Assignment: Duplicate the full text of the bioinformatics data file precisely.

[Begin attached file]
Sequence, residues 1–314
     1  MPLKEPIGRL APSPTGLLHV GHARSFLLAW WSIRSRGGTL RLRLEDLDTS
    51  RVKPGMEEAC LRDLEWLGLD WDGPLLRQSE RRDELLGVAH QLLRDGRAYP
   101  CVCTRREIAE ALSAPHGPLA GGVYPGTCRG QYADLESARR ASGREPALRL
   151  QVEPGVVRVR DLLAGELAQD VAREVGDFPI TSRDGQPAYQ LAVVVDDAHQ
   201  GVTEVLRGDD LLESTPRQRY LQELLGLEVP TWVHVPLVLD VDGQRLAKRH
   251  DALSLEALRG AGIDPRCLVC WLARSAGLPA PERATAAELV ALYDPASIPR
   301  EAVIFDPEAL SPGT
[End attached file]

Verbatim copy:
Sequence, residues 1–314
     1  MPLKEPIGRL APSPTGLLHV GHARSFLLAW WSIRSRGGTL RLRLEDLDTS
    51  RVKPGMEEAC LRDLEWLGLD WDGPLLRQSE RRDELLGVAH QLLRDGRAYP
   101  CVCTRREIAE ALSAPHGPLA GGVYPGTCRG QYADLESARR ASGREPALRL
   151  QVEPGVVRVR DLLAGELAQD VAREVGDFPI TSRDGQPAYQ LAVVVDDAHQ
   201  GVTEVLRGDD LLESTPRQRY LQELLGLEVP TWVHVPLVLD VDGQRLAKRH
   251  DALSLEALRG AGIDPRCLVC WLARSAGLPA PERATAAELV ALYDPASIPR
   301  EAVIFDPEAL SPGT